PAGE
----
With his essential debut The Death of Holden: the End of an Australian Dream, freelance journalist Royce Kurmelovs reports the important stories of those most affected by the death of car manufacturing.
Royce Kurmelovs grew up in Salisbury Park, a few kilometres south of Elizabeth and its Holden plant, which until recently employed 1600 workers and rolled 335 cars out of its factory every day. Kurmelovs has a family connection to the plant as his grandfather worked at Holden for a year-and-a-half when he migrated to Australia.
“It was a building block,” Kurmelovs says of the Holden plant that will close next year. “It was how you started a new life. It was how you got some money to get your stuff together to go do something else. And a lot of people stayed.”
Originally an essay as part of a Kill Your Darlings mentorship program with Gideon Haigh, Kurmelovs expanded the essay to a book for Hachette. He was attracted to cover the closure of Holden because it was the biggest story going around.
Kurmelovs, who writes for the BBC, Al Jazeera, The Guardian and Vice, became a freelance journalist because “every serious job I applied for I’d been knocked back from at some point”.
“I thought, ‘Well ‘I’m ambitious and arrogant enough, so I am going to try and do it anyway’,” he says. “It’s been a steep learning curve. And it’s hard. Being a freelancer is hard – especially when you’re coming into it without established connections and experience in the newsroom. To build up that business and knowledge-base is a difficult thing but that’s the direction it’s going, that’s the direction media is taking. A lot of kids are getting advised now: ‘Go freelance for a few years, get the experience and then get a job’.”
This is different from the traditional journalistic route, which was study (or get a cadetship), intern and then secure a staff job before branching out. But the advantage of being a freelancer is that Kurmelovs is able to cover stories that appeal to him. He has built a reputation for covering intriguing stories with an edge.
“I think people are interesting,” he says. “I have an affinity for the outsider and the underdog.”
The young journalist is attracted to telling stories about people who often don’t have a voice in the media and, due to being a freelancer, is able to write yarns that he probably wouldn’t have the freedom to do if he was a staff writer.
“The trade-off is that I get to choose the stories I want to work on,” he says. “And sometimes they can be really great, powerful and intense stories that you would never normally get up. But you basically know there’s no money in your account at the end of the week if you don’t work. At the end of the day, it’s that same economic problem we’re facing, which is the same problem a lot of people in the car industry will be facing when they transition into this casualised, informal and insecure environment that we’re living in.”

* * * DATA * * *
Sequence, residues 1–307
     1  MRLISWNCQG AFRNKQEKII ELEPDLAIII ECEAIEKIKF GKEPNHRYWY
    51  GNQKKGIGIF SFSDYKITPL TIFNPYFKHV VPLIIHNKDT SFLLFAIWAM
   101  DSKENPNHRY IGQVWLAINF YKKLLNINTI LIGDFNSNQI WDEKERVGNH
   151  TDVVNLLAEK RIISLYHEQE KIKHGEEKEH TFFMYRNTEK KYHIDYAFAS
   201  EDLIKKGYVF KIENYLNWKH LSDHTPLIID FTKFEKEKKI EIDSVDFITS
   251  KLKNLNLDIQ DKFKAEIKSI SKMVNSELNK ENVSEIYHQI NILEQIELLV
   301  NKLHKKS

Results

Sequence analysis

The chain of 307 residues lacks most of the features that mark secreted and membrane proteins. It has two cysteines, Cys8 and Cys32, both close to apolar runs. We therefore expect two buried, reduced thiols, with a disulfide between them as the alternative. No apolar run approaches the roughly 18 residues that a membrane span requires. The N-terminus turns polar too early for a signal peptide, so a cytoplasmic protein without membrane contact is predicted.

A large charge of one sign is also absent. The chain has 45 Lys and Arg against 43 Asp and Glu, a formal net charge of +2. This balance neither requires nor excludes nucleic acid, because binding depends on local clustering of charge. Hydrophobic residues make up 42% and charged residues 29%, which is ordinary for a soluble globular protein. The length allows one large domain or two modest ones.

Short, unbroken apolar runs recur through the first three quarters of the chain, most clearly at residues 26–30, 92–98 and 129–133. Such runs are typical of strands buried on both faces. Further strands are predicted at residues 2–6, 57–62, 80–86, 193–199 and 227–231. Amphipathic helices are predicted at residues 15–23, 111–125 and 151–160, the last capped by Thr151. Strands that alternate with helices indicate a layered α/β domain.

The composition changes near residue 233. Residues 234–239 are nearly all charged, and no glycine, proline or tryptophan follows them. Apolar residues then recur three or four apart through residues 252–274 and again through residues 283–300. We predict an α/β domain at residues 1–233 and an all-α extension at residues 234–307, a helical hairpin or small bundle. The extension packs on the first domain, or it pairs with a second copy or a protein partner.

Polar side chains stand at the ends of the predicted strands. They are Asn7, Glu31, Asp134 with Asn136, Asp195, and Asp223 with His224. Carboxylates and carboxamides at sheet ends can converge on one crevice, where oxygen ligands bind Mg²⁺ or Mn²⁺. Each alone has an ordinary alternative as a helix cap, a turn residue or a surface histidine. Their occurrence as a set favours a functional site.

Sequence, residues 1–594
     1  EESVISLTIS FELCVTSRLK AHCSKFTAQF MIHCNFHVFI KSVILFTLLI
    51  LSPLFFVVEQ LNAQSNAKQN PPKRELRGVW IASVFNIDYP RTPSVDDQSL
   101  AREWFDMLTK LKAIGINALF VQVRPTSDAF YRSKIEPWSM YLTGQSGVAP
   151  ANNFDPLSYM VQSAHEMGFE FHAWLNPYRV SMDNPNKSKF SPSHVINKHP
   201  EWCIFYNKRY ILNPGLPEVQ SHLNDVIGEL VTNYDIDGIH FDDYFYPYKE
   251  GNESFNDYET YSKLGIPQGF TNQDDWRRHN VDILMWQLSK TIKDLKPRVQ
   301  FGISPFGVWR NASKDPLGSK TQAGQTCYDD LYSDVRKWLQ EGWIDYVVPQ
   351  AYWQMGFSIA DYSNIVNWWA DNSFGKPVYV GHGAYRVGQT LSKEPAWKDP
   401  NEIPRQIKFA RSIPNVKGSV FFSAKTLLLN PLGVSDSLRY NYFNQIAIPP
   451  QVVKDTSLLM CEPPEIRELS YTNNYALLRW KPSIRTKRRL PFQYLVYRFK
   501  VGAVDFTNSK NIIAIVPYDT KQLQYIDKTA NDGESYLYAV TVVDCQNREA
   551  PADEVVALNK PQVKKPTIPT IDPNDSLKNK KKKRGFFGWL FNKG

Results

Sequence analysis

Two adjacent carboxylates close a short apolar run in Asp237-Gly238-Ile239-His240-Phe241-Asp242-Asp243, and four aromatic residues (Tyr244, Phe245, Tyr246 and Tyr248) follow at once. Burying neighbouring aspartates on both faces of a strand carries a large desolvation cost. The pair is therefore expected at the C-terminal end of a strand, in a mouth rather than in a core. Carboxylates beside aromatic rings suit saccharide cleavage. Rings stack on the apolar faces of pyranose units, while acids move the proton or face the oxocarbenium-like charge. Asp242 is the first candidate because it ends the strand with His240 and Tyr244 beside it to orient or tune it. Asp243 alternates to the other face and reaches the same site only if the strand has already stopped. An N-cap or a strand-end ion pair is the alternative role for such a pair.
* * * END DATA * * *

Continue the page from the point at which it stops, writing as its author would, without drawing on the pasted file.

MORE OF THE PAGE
A theme of Death of Holden is the transition to this casual economy, and the uncertainty workers who relied on stable full-time jobs in manufacturing will face. This is a theme that isn’t relegated to the northern suburbs of Adelaide but also other southern Australian areas where car manufacturing will be put down: Geelong and Broadmeadows. Kurmelovs doesn’t predict the future in Death of Holden, rather he recounts the political and business decisions that got us to this point and, more importantly, tells the stories of the many workers across the country who face an uncertain future.
“In writing the book I made the conscious decision to report all the rumour and speculation of people in these various blue collar jobs, because if you want to get a look at the mindset of what people are thinking at this point in time, that’s part of it. It may not turn out to be true. A lot of people are speculating: what’s going to happen to the land of Holden? What’s going to happen to the shipyards when they close? What are the companies going to do? When’s the next layoff coming? Living with that uncertainty is hard.”
Kurmelovs didn’t himself want to speculate in the book as predicting the future is “more astrology than science”.
“I would like to think we will pull through, and we probably will, everything is cyclical. There have been downturns before but in the meantime there’s a human crust to that inbetween. That’s what I wanted to write about, because that’s what matters: recording the stories of people who otherwise get ignored, who get written off, ‘It’s fine, it’s a natural change in the economy’. Well, these people deserve their stories told, too.”
Royce Kurmelovs, The Death of Holden: The End of an Australian Dream (Hachette)